Going where PROTACs can't, Versant unveils $50M bet on Carolyn Bertozzi's LYTAC tech — with a rising star at the helm
When the first protein degradation companies announced themselves to the biotech world around 2013, wielding PROTACs — proteolysis targeting chimeras — they promised to break the rules on what proteins were thought to be “druggable.” But a sizable chunk remained stubbornly outside of that realm, out of reach for a technology that works exclusively inside cells: extracellular proteins.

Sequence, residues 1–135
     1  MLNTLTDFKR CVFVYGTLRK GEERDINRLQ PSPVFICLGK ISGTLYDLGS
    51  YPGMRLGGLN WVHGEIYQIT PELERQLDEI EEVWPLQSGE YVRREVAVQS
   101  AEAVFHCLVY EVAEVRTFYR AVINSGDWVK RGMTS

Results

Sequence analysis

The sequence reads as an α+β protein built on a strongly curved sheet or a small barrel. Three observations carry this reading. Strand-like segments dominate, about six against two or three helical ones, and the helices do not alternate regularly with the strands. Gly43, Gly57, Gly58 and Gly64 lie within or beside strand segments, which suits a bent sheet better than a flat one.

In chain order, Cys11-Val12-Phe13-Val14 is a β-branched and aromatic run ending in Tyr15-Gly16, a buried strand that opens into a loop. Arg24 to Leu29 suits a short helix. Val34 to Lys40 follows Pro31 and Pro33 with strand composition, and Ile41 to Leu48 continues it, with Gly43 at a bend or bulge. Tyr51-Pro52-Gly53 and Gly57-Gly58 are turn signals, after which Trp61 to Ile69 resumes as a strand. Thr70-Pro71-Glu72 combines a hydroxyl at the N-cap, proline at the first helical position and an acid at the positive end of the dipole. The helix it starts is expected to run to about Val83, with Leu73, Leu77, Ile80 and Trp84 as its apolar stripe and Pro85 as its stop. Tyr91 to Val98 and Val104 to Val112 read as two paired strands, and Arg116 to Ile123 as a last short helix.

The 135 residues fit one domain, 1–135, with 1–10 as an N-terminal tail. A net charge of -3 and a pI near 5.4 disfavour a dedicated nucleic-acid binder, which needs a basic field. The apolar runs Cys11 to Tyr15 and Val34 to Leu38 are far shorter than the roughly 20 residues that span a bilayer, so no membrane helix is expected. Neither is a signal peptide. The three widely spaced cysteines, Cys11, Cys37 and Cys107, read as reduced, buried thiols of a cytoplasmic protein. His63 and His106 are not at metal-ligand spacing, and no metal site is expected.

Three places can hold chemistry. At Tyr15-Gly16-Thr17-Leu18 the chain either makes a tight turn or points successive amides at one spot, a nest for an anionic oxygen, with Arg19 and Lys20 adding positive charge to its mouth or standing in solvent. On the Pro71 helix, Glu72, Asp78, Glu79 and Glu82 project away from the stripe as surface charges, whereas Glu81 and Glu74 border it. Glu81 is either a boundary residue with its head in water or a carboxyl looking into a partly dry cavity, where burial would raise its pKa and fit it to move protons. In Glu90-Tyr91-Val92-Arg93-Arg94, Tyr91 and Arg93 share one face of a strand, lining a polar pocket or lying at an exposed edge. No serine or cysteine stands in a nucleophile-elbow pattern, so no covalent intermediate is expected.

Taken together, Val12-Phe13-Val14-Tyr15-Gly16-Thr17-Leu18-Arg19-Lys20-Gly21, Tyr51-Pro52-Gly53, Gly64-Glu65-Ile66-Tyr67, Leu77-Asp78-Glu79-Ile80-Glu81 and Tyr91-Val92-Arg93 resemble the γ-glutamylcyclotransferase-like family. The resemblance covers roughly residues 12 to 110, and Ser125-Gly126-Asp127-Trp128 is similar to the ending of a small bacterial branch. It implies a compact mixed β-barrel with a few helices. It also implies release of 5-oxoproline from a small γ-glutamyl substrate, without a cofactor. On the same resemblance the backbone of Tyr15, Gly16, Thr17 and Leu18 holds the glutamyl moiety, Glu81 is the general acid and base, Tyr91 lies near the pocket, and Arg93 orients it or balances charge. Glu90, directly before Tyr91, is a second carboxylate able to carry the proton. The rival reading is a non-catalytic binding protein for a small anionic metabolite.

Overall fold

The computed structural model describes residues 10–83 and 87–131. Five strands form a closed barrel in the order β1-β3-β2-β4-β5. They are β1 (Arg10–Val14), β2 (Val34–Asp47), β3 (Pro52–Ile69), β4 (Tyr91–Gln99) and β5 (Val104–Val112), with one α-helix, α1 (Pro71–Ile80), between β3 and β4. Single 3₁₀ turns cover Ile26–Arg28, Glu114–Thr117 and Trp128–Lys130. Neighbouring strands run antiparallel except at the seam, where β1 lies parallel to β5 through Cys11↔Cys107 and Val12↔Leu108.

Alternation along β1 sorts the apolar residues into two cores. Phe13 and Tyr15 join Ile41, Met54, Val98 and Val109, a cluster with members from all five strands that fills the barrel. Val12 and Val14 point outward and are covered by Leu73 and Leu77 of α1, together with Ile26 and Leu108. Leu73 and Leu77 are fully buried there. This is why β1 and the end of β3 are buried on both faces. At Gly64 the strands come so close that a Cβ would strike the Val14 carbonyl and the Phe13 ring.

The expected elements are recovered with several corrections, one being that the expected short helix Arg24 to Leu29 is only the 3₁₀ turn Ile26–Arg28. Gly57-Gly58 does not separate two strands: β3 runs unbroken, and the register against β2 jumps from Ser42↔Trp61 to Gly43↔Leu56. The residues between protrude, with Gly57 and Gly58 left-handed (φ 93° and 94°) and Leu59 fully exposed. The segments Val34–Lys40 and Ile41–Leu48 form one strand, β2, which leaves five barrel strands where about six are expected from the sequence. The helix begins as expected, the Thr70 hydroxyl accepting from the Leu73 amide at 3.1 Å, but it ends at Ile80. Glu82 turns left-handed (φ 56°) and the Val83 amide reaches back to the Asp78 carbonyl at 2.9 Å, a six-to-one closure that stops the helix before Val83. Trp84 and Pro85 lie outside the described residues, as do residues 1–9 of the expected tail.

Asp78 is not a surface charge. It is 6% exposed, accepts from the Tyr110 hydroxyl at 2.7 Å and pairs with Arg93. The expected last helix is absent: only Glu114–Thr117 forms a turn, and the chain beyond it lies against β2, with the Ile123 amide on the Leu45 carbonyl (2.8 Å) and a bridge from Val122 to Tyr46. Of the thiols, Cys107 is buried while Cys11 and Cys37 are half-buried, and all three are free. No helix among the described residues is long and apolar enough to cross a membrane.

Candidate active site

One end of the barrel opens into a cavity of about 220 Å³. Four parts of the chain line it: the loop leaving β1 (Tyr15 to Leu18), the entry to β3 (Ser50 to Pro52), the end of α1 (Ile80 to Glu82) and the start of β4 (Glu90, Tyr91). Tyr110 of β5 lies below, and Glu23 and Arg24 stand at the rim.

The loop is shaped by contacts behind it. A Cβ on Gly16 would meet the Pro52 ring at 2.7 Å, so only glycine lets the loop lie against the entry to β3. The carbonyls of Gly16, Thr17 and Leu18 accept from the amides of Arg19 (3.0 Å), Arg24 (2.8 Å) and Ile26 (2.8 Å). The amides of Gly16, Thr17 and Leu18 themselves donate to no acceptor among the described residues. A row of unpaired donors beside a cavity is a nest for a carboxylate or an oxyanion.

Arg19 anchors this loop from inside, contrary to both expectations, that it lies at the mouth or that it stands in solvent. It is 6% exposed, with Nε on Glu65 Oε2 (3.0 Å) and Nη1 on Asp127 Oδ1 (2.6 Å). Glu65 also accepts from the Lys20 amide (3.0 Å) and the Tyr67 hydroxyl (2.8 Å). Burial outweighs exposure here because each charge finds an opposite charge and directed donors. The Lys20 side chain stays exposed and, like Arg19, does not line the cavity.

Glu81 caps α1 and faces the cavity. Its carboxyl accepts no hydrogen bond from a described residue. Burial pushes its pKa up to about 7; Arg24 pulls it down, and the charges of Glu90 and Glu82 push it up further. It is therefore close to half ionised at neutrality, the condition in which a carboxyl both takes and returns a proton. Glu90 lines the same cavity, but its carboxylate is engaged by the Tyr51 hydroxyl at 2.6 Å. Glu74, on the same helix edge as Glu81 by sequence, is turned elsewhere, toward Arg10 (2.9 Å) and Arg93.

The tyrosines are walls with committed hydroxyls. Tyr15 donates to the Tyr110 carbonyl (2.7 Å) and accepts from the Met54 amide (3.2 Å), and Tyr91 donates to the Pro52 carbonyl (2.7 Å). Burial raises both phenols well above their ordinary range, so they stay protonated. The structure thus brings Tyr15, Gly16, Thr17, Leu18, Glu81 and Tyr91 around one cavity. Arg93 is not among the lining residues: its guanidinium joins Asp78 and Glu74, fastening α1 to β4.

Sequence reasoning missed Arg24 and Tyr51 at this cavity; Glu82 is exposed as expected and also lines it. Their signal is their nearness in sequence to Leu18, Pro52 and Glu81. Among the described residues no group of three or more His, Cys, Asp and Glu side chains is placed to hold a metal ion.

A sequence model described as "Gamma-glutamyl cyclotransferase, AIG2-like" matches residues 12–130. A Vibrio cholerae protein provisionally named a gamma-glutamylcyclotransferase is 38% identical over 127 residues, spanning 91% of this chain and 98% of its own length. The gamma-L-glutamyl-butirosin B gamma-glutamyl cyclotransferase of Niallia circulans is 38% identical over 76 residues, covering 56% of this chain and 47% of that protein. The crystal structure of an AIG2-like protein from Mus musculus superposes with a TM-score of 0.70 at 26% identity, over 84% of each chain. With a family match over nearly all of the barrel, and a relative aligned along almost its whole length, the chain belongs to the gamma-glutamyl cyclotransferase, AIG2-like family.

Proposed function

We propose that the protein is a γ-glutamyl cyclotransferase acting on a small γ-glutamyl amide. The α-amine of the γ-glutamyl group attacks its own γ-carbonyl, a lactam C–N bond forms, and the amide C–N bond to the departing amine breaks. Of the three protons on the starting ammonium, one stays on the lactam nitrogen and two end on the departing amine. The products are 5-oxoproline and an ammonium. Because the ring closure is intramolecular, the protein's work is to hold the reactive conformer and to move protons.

The glaring hole likely explains the “extreme interest” that Carolyn Bertozzi received when her Stanford team posted a preprint describing LYTACs, or lysosome-targeting chimeras. Like PROTACs, they leverage the body’s natural garbage disposal systems; rather than E3 ligases, they make use of the endosome that traffics material to the lysosome.
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